Report for 2006 analysed a total of 247 SPRS covering 181 active projects. The analysis faces many challenges and it is not always clear from the analysis what overall outcomes have been achieved. However, in 2006 of the 31 operations reporting corporate outcome indicators 26 reported more than one data point which enabled some analysis of trends. Of the 12 reporting on mortality 66% showed an improvement and for the 21 reporting on acute malnutrition/wasting 43% showed an improvement (WFP 2007) An improved performance framework has been developed for the next Strategic Plan which will be presented to the Executive

Board for approval in June 2008 (Heider personal communication)

In DFID a series of performance indicators and targets have been identified as an integral part of the Public Service Agreements (PSAs) which DFID agrees with the

Treasury. The PSA is used as a tool to manage and improve performance, providing a high-level framework against which policy decisions and financial commitments can be assessed, and successes and underperformance measured.

DFID’s management processes are set up so that at each level – form division to departments, teams and individuals

– targets can be set and measured that relate directly to the achievement of the PSA objectives. Progress towards each target is tracked continuously and formally reported twice a year (in DFIDS Autumn

Performance Report and the Annual Report).


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The PSAs for 2003-06 and 2005-08 are based on the Millennium Development

Goals. The targets for the 2005-2008 PSA are indicated below

Target 1. Progress towards the MDGs in 16 key countries in Africa

Target 2.

Target 3.

Target 4.

Progress towards the Millennium Development Goals in 9 key countries in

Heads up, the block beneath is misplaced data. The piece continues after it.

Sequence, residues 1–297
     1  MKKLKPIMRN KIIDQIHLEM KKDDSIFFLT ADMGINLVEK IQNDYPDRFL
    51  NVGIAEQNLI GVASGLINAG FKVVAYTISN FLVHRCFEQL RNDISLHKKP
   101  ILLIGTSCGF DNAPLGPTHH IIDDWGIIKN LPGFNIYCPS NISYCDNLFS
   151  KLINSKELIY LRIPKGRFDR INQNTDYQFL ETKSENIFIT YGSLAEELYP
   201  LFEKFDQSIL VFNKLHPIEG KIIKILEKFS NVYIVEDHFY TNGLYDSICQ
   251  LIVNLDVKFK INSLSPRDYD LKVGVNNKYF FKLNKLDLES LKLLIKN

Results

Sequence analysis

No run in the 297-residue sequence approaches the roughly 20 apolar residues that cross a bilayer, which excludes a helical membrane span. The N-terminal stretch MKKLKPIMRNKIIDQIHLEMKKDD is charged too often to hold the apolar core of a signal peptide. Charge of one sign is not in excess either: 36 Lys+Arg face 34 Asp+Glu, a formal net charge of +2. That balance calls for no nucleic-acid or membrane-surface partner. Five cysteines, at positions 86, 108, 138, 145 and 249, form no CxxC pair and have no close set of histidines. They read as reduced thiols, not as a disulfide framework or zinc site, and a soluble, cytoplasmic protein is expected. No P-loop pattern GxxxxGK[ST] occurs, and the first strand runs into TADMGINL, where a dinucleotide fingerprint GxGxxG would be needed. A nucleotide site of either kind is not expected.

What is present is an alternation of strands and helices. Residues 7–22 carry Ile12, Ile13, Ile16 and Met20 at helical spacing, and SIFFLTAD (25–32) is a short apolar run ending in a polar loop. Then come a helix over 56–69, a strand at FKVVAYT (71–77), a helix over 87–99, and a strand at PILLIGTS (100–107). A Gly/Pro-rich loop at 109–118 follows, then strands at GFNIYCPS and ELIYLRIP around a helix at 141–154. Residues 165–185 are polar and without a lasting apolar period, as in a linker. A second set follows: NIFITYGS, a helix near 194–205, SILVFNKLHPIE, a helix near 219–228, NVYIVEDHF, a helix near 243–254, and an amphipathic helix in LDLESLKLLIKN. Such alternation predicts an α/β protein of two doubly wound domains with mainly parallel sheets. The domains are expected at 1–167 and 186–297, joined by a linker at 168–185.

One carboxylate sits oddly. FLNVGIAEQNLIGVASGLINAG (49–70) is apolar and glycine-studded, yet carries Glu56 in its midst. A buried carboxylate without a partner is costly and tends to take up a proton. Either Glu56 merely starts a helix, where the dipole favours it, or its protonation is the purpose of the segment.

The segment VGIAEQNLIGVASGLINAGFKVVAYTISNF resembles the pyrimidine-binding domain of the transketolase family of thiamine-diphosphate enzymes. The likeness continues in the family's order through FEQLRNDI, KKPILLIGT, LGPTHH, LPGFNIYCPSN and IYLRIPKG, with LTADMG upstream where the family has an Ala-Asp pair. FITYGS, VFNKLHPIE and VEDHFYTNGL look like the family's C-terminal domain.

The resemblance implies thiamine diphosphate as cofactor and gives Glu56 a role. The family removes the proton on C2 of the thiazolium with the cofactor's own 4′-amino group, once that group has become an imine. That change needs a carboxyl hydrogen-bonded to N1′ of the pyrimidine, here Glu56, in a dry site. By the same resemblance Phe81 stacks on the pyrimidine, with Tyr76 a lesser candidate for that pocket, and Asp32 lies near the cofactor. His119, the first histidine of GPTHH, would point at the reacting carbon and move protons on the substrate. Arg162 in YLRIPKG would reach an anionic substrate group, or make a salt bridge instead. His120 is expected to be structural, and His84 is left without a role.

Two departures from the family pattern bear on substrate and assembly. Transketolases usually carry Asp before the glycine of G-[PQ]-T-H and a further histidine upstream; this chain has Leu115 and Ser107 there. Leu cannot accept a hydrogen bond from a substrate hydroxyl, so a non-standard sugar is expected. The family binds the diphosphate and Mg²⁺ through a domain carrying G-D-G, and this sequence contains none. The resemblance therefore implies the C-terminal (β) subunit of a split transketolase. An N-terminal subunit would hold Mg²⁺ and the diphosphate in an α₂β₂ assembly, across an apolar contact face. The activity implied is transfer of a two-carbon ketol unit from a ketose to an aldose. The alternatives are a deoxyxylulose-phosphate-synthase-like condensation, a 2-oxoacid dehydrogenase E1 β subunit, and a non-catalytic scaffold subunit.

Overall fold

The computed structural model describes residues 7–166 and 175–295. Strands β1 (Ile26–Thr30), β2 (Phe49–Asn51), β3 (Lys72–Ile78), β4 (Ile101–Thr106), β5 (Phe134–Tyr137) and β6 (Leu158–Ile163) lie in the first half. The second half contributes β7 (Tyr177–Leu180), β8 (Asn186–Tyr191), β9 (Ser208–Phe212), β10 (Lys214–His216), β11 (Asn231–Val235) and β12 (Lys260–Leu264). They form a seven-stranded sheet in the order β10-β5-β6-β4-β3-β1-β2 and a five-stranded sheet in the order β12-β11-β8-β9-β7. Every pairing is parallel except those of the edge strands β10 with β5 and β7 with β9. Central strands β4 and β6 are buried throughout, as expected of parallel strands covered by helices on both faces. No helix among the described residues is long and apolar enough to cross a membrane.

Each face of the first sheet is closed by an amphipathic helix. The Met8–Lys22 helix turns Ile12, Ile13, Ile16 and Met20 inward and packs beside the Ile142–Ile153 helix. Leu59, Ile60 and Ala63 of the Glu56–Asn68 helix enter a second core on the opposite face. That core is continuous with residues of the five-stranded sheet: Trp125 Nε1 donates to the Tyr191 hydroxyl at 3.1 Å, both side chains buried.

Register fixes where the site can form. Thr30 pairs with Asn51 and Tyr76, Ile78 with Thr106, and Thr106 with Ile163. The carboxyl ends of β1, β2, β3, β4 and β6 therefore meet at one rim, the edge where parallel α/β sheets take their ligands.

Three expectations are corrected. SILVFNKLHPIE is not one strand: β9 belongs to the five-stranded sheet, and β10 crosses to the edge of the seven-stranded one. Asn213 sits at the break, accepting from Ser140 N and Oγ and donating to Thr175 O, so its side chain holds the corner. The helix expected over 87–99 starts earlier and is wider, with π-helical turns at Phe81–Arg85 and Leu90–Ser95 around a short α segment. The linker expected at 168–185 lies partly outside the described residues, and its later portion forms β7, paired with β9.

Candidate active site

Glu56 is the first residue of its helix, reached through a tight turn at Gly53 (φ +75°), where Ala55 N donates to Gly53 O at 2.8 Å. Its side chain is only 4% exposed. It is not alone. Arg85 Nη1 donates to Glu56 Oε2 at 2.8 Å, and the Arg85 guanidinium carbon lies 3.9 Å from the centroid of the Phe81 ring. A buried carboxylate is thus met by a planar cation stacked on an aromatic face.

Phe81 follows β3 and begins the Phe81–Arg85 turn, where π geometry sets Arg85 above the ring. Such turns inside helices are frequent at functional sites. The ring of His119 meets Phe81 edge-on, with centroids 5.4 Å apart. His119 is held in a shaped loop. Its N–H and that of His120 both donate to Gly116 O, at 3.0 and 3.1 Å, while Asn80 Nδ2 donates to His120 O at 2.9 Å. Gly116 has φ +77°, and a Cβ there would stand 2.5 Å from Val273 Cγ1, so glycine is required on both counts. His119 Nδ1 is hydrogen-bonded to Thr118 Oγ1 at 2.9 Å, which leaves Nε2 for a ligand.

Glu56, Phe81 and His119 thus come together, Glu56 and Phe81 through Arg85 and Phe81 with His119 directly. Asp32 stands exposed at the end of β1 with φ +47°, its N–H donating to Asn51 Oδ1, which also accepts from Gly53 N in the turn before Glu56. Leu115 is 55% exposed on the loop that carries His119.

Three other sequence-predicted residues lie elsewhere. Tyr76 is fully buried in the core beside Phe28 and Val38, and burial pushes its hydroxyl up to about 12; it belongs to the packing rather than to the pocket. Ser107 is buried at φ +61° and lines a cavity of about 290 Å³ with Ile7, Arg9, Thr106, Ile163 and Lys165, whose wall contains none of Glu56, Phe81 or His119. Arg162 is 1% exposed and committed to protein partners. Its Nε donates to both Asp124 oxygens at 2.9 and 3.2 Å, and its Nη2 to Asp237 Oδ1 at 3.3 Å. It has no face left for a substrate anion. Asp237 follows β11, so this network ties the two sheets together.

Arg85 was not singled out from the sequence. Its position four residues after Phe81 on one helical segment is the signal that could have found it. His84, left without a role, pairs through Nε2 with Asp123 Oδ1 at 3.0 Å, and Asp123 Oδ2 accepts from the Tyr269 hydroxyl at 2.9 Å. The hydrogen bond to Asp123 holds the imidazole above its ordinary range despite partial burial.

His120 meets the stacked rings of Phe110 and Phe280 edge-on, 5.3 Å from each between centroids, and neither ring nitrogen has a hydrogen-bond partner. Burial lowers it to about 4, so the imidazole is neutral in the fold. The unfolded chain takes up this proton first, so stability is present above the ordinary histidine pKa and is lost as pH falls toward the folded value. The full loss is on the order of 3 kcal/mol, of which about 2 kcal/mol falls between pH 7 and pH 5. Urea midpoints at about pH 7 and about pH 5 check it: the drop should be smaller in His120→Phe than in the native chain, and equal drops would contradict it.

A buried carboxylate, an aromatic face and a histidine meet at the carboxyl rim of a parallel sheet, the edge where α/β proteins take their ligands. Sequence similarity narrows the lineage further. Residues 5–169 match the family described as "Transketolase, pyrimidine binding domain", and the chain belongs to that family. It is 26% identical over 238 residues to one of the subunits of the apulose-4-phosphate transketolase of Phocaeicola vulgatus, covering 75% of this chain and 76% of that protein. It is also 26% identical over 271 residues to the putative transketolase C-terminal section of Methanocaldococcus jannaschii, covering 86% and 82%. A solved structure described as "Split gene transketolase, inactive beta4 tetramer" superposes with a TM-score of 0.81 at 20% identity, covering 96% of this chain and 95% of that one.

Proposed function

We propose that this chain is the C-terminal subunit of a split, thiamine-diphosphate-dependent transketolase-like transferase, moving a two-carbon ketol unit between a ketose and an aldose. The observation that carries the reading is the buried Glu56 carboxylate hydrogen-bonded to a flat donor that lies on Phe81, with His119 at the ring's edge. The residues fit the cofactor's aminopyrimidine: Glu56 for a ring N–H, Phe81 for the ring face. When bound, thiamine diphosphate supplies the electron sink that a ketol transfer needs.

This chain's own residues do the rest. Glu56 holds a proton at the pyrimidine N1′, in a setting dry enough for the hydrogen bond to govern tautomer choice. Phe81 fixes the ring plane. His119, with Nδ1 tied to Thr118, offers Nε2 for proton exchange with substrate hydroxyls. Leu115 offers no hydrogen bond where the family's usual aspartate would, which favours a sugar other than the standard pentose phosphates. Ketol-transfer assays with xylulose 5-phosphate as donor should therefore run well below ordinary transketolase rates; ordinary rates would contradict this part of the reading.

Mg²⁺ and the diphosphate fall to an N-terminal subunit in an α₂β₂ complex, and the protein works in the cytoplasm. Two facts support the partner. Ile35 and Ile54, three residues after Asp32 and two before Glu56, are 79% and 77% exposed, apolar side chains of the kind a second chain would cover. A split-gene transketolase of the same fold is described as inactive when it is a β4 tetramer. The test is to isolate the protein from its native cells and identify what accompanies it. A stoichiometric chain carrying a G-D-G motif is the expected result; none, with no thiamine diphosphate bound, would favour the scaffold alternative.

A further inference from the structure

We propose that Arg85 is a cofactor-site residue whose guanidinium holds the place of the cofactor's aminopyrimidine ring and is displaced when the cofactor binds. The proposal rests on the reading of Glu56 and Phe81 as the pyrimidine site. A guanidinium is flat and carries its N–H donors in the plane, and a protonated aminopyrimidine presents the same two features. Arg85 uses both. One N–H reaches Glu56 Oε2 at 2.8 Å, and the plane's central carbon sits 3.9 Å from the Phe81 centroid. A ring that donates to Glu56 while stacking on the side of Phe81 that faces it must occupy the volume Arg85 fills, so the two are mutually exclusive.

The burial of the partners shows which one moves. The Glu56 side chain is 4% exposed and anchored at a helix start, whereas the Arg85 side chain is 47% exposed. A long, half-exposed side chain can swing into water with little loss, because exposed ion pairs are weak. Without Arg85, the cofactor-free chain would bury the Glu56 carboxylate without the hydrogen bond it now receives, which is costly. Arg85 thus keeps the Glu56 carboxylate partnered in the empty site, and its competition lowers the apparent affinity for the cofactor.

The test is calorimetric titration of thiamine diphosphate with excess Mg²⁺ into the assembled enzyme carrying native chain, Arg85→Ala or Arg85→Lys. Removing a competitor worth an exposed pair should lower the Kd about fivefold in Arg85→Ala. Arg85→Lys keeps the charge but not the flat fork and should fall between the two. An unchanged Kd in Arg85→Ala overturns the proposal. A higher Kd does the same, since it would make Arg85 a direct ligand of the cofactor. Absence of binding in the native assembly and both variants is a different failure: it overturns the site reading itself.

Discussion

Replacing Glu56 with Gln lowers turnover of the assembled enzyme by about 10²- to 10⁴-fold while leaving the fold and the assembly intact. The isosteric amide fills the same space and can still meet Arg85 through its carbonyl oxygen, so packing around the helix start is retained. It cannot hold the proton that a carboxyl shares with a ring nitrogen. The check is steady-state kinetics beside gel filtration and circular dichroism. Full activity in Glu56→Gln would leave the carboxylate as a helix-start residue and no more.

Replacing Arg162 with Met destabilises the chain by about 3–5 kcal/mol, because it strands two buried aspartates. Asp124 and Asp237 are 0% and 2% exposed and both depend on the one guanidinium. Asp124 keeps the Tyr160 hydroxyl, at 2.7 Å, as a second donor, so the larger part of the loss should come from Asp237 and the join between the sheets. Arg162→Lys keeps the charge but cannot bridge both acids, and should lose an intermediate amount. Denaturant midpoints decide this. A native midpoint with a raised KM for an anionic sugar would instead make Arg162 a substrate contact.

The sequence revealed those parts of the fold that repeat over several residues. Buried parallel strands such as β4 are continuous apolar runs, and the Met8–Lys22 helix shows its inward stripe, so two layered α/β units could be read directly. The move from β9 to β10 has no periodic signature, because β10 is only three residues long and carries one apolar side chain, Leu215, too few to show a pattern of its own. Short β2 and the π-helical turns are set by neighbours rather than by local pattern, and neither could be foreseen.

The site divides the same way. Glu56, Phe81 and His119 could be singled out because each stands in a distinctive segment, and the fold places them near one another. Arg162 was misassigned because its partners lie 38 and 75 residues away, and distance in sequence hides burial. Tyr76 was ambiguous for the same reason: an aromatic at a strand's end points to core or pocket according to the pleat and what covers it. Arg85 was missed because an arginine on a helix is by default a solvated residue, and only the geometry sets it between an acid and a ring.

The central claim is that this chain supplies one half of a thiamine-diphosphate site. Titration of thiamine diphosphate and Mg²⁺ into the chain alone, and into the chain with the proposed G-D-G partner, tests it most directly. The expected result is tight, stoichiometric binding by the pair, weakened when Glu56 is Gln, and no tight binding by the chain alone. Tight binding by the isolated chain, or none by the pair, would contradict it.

Improved effectiveness of the multilateral system

Ensure that the EU secures significant reductions to EU and world trade barriers by 20008, leading to improved opportunities for developing countries and a more competitive Europe

Target 5.

Target 6.

Improved effectiveness of UK and international support for conflict prevention, through addressing long-term structural causes of violence, and supporting post-conflict reconstruction where the UK can make a significant contribution, in particular Africa, Asia, the Balkans and the Middle East

Ensure that the proportion of DFID’s bilateral programme going to low income countries is at least 90% and achieve a sustained increase in the index of

DFID’s bilateral projects evaluated as successful

The indicators used for Target 1 and the progress against the indicators as reported in the 2007 Autumn Performance Report is provided below.

Target 1. Progress towards the MDGs in 16 key countries in Africa


A reduction of 4 percentage points in the proportion of people living in poverty across the entire region



An increase in primary school enrolment by 18 percentage points

An increase in the ratio of girls to boys enrolled in primary school by 5 percentage points

“On course”

“Broadly on course – minor slippage”


A reduction in under-vive mortality rates for girls and boys by 8 per 1,0000 live births

An increase in the proportion of births assisted by skilled birth attendants by 11 percentage points

A reduction in the proportion of 15-24 year old pregnant women with HIV

“Not on course – major slippage”

“Some progress”

“On course”

Enhanced partnership at the country and regional level, especially through the G8, to increase the effectiveness of aid and ensure that international policies support African development


Parmenter, David. (2007) “Key Performance Indicators: Developing, Implementing and Using

Winning KPIs” John Willey:Hoboken

WFP (2007) Annual Performance Report 2006 WFP/EB.A/2007/4 7 May 2007


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WFP (2005) Strategic Plan 2006-2009 WFP/EB.A/2005/5-A/Rev.1 9 June 2005

Caroline Heider

– Director, Office of Evaluation, WFP email dated 7/2/08